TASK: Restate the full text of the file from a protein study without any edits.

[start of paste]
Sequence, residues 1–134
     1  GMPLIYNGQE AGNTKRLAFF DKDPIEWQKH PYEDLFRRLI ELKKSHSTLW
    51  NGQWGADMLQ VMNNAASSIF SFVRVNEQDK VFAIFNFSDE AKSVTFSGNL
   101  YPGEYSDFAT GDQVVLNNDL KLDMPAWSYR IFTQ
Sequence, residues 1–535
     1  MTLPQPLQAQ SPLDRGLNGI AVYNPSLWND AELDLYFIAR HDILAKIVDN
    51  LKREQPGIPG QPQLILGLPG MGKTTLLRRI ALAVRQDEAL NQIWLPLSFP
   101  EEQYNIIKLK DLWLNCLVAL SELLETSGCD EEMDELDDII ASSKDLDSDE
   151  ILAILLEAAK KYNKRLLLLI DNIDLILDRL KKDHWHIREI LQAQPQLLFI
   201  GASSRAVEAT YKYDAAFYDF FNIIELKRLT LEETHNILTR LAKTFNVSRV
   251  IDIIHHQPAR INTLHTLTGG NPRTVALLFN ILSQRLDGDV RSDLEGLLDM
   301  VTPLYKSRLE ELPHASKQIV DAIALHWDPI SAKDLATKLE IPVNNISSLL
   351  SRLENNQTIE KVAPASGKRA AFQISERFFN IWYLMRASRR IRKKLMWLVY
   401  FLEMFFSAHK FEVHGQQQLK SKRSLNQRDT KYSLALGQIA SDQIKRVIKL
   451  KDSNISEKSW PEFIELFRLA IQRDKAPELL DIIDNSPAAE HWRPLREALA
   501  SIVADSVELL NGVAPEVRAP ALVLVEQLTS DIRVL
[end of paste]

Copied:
Sequence, residues 1–134
     1  GMPLIYNGQE AGNTKRLAFF DKDPIEWQKH PYEDLFRRLI ELKKSHSTLW
    51  NGQWGADMLQ VMNNAASSIF SFVRVNEQDK VFAIFNFSDE AKSVTFSGNL
   101  YPGEYSDFAT GDQVVLNNDL KLDMPAWSYR IFTQ
Sequence, residues 1–535
     1  MTLPQPLQAQ SPLDRGLNGI AVYNPSLWND AELDLYFIAR HDILAKIVDN
    51  LKREQPGIPG QPQLILGLPG MGKTTLLRRI ALAVRQDEAL NQIWLPLSFP
   101  EEQYNIIKLK DLWLNCLVAL SELLETSGCD EEMDELDDII ASSKDLDSDE
   151  ILAILLEAAK KYNKRLLLLI DNIDLILDRL KKDHWHIREI LQAQPQLLFI
   201  GASSRAVEAT YKYDAAFYDF FNIIELKRLT LEETHNILTR LAKTFNVSRV
   251  IDIIHHQPAR INTLHTLTGG NPRTVALLFN ILSQRLDGDV RSDLEGLLDM
   301  VTPLYKSRLE ELPHASKQIV DAIALHWDPI SAKDLATKLE IPVNNISSLL
   351  SRLENNQTIE KVAPASGKRA AFQISERFFN IWYLMRASRR IRKKLMWLVY
   401  FLEMFFSAHK FEVHGQQQLK SKRSLNQRDT KYSLALGQIA SDQIKRVIKL
   451  KDSNISEKSW PEFIELFRLA IQRDKAPELL DIIDNSPAAE HWRPLREALA
   501  SIVADSVELL NGVAPEVRAP ALVLVEQLTS DIRVL